What are your memories of Stevenage town centre and its shops?

A view from Queensway down Market Place on a busy shopping day in 1963.

A view from Queensway down Market Place on a busy shopping day in 1963. - Credit: Stevenage Museum.

Stevenage Museum has been awarded a grant of £10,000 to uncover the town's hidden working-class heritage.

Four community-led projects in the East of England will receive funding through Historic England’s Everyday Heritage Grants: Celebrating Working Class Histories.

Queensway in 1959.  

Queensway in 1959. - Credit: Stevenage Museum.

From the people who helped shape the post-war new town of Stevenage to a celebration of Ipswich’s industrial heyday, these people-focused projects will unlock untold local stories and further the nation’s collective understanding of the past.

Stevenage Museum has secured a grant of £10,000 for its ‘Talking Shop: Stories from Stevenage Town Centre’ project.

The announcement follows an open call earlier this year, inviting community or heritage organisations across the country to apply for grants of up to £25,000 from Historic England’s Everyday Heritage Grants pot.

Taken just after Stevenage Town Centre was opened by the Queen in April 1959. It shows shops in Queensway.

Taken just after Stevenage Town Centre was opened by the Queen in April 1959. It shows shops in Queensway. - Credit: Stevenage Museum.

As the first New Town built after the Second World War, Stevenage has been ­widely revered for its architectural importance and innovations in town planning.

A recent publication by Historic England presented new research charting the significance and development of the town centre, yet less acknowledged are the lived experiences of the many generations who have lived, shopped and worked in the town since it opened in 1959.

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Through engaging people of all generations, Stevenage Museum will celebrate the everyday lives of working-class people who have played their part in shaping the town centre’s heritage.

The museum will recruit and train volunteers comprising of local students and older long-term residents to conduct research and record oral histories.

Mr Godfrey Hart in his ladies’ outfitters, Godfrey’s, taken in 1960.

Mr Godfrey Hart in his ladies’ outfitters, Godfrey’s, taken in 1960. - Credit: Stevenage Museum.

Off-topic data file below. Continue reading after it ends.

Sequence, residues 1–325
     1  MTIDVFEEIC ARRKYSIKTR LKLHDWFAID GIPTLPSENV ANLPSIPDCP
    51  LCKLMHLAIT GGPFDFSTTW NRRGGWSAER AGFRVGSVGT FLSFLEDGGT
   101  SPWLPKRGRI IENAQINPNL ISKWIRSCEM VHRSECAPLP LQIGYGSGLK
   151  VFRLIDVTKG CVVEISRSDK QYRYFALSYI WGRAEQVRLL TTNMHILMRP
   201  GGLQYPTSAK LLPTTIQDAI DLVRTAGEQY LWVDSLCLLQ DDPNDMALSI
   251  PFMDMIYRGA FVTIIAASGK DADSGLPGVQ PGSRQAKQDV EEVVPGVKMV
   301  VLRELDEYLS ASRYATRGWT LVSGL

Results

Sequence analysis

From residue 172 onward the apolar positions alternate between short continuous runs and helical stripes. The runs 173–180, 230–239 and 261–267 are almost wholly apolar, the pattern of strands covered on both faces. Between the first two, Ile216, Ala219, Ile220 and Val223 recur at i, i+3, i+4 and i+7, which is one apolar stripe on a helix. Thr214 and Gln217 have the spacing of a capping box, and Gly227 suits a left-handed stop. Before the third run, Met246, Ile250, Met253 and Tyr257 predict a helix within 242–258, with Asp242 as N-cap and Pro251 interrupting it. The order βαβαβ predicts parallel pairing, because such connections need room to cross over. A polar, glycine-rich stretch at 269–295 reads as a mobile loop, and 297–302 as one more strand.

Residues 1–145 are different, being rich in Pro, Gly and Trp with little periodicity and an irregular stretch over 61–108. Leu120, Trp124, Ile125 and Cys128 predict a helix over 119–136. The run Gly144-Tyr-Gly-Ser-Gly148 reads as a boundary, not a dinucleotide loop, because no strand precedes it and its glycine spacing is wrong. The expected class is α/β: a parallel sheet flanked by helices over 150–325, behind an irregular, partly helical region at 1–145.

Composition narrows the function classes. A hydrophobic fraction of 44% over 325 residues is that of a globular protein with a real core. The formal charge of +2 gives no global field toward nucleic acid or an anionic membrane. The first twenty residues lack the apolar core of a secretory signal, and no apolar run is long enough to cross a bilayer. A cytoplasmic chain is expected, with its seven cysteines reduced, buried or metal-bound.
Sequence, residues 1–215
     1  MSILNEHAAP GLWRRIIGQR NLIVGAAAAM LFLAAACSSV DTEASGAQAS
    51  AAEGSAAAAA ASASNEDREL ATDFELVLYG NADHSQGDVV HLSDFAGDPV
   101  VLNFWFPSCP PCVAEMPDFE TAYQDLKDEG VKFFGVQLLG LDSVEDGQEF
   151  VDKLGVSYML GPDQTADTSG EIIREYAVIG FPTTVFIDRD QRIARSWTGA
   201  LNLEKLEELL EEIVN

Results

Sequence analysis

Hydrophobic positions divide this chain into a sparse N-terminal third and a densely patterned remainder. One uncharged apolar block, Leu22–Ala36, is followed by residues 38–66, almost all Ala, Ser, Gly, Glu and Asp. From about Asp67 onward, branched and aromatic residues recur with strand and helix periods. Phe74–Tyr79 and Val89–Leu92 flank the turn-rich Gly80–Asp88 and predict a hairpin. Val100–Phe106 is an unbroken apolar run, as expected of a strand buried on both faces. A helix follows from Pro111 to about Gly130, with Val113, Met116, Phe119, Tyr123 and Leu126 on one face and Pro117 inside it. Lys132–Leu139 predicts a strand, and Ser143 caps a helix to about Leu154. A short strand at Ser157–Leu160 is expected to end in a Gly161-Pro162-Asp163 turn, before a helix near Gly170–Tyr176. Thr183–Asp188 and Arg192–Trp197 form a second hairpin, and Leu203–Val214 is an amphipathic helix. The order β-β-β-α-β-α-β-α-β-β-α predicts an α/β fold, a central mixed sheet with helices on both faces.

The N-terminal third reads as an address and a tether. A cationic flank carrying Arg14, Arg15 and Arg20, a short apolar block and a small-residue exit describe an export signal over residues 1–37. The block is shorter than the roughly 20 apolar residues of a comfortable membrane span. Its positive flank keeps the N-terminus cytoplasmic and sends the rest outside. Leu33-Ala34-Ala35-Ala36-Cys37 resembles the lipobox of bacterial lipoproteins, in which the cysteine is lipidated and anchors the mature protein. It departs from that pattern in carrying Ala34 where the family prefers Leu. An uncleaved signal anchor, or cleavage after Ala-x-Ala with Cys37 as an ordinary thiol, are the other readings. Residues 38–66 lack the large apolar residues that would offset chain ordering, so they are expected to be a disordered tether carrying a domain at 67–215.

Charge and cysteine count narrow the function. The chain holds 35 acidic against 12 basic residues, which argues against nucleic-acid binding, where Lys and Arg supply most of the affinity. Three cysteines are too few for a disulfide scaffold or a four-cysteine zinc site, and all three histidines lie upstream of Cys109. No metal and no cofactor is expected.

The project will document these stories of the town centre for future generations as well as work with its volunteers and local artists to co-produce creative celebrations for the local community through an exhibition, workshops and drama performances.

Duncan Wilson, chief executive of Historic England, said: “I’m excited to see the wide range of creative approaches and subjects proposed for Everyday Heritage Grants: Celebrating Working Class Histories.

"These community-led projects demonstrate that heritage is all around us and accessible to everyone.

“The histories of castles and great houses and their inhabitants are well documented, but we know far less about our everyday heritage.

"From council estates, pubs and clubs, to farms, factories and shipyards, these are the places where most people have lived, worked and played for hundreds of years.

"We want to explore these untold stories and celebrate the people and places at the heart of our history.”

Historic England feels heritage should be for everyone. But not everyone’s stories are told and not everyone’s history is remembered.

Everyday Heritage Grants aim to address this imbalance by engaging with the widest possible range of heritage.

Each project will enable people to creatively share overlooked or untold stories of the places where they live and encourage communities, groups and local people to examine and tell their own stories in their own ways.

The grants are being delivered as part of Historic England’s Diversity and Inclusion Strategy published in November 2020 and outlines the organisation’s commitment to help the heritage sector become more inclusive.